Shhh...don't tell the girls, but I ordered them for Christmas.  Just think of the hours of creative play that I  they could have!


Visit Noble Rose Press today......they just launched the site today and they are having a Grand Opening sale on their products!   But HURRY......the sale ends Saturday!!!

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National Chestnut Week is next week!

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OK, so National Chestnut Week is not high on my celebration list!  Didn't even know there was such a thing!

But hey, part of the fun of homeschooling is trying things new....and getting to go on field trips... or, even better, getting to do both in one shot!

Yesterday, the girls and I gathered chestnuts at a local orchard.  We spent three hours there, each of us picking enough to fill a 5 gallon bucket.  The bucket weighed about 35 lbs. when full.    We were paid $10 for each full bucket.

It was a good lesson in economics....maybe they'll be less likely to blow that $10 they earned, knowing it took 3 hours to earn it!

So, what do you think of when you hear the word chestnuts?  I think of the Christmas song......chestnuts roasting on an open fire.....   But what else can you do with chestnuts besides roast them???  Does anyone still even eat roasted chestnuts???  I can't say I ever have!

I decided to find out a few facts about chestnuts.  I was surprised.

First off, we Americans don't eat much of them.  (OK, that was no surprise...no one I know eats them!)   The U.S. per capita consumption is only 0.04 lbs, compared to 2 lbs. for China and 1 lb. for Europeans.  Big difference!

Next, I thought we were just doing old fashioned labor yesterday and gathering the nuts by hand.  Nope, worldwide this is the norm.  However, there are folks looking to mechanize this step. (My hands say.......please do!!  Even with lined leather gloves on, those burrs still can poke through....OUCH!!!)

And, I learned that most American think that chestnuts are only used for roasting (again that was not really a surprise), but did ya know that chestnuts can used in flours, main dishes, soups, and even desserts.  Taiwan even has chestnut flavored ice cream bars!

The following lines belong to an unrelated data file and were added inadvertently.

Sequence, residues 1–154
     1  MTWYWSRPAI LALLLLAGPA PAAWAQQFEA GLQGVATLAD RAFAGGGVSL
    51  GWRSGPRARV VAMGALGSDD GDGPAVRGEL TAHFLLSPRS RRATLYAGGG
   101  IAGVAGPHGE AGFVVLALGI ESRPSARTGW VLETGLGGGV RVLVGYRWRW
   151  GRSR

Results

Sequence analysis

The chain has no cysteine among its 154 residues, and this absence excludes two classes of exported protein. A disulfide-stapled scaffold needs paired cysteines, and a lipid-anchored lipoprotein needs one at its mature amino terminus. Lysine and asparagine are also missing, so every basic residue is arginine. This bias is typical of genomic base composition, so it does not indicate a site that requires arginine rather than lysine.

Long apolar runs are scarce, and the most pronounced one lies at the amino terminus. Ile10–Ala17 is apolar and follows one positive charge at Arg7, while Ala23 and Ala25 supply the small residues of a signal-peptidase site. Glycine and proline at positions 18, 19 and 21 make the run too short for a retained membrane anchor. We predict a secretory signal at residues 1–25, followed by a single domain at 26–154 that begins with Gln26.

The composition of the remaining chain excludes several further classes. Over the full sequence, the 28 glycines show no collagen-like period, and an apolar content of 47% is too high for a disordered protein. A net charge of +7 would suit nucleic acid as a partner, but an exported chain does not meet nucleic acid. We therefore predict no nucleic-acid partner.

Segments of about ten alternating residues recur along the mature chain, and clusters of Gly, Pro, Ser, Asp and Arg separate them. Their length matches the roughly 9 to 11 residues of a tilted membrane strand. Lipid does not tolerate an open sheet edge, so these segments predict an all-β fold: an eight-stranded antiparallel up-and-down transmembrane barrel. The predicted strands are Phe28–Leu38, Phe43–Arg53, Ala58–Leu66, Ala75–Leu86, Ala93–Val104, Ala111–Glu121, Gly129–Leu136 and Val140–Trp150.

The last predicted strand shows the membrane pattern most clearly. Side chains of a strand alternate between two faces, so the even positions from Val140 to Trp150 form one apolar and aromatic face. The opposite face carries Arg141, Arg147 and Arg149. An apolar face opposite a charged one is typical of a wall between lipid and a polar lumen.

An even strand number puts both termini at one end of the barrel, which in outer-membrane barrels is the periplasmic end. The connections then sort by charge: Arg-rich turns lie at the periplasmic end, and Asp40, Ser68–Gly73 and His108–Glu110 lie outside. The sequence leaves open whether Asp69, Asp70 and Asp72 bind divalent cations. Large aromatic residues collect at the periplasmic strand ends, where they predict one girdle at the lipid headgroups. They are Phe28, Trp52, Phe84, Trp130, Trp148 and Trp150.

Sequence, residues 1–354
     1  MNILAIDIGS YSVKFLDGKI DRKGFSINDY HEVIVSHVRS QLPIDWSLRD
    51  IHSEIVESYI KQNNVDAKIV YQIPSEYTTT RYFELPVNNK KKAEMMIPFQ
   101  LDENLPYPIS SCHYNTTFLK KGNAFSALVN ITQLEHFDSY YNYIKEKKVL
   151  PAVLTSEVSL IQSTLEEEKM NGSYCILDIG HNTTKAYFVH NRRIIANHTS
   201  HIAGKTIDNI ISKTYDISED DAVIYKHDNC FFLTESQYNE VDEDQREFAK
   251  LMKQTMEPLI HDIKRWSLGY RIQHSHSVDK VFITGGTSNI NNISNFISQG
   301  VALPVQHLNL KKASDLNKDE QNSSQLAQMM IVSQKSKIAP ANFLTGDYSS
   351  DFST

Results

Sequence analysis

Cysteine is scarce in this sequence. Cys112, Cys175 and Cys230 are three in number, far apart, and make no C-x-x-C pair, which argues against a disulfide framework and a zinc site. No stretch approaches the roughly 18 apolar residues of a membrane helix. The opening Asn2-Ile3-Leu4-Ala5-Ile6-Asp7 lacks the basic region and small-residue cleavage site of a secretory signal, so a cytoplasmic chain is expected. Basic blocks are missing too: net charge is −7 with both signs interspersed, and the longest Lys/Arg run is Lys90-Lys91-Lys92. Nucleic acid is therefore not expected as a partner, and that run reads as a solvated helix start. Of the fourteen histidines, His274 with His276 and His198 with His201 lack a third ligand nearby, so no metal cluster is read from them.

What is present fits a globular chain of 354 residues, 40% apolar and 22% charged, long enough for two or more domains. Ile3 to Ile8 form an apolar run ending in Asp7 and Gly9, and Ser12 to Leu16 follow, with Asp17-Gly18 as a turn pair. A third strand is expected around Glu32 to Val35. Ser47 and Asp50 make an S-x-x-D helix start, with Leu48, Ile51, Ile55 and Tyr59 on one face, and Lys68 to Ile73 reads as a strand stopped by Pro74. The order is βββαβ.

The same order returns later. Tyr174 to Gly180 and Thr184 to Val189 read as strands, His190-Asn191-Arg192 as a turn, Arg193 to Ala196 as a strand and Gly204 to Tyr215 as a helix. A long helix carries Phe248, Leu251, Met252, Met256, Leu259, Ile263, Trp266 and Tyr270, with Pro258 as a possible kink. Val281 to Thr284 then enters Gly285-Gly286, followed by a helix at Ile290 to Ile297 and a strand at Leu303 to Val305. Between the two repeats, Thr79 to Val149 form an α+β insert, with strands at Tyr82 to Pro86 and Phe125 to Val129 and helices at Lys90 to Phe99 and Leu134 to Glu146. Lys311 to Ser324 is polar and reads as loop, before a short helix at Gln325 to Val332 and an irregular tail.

Chestnuts are high in fiber and low in fat....sounds like Americans need to eat more of them!!  Chestnuts are gluten free, so they can be ground into chestnut flour for those sensitive to gluten.  

It takes about 2.5 lbs. of chestnuts in the shell to make one pound of dried chestnuts peeled.   So that means that each bucket that we gathered will be about 14 lbs. once they are peeled and dried.

There are quite a few recipes at Chestnuts Online, including some great sounding Italian ones!    Now I'm hungry!


OK, here are some pictures from our outing.



Here in the Appalachian foothills, the fall colors are just starting.
Foothills


Looking back.....it was a long drive up to the top orchard.
Lane



The orchard at the top of the hill.
Orchard #4



The orchard where we decided to gather.  It was the oldest of the 4 orchards.
Orchard #3



We found a tree with burrs all over the ground and started in.
Burrs everywhere



Aren't they pretty!
Chestnuts up close




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Saturday, October 3, 2009

Thermogram results are in!

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As mentioned before, I had a full-body thermogram done earlier this week.  The results, with thumbnails of each scan, came in today's mail.   The thermography report revealed no suspicious (as in cancerous) areas!  \o/ 

That's not to say that I don't have a lot going on, however!   There were several inflamed areas, many likely having to do with my dermatomyositis, interstitial lung disease, or Raynaud's phenomenon.    The only one that is likely not a result of those was some inflammation in the upper abdominal region.....I'm wondering if that's not stress on the liver by the medication I'm on???

I hope to take this information to the doctor and see what he says....my rheumatologist isn't an "alternative option" kinda guy.  But I've tried his way for 6 years.....now it's time to explore some other ways.   I did learn of an D.O. within our network that does have alternative leanings......I hope to call him next week.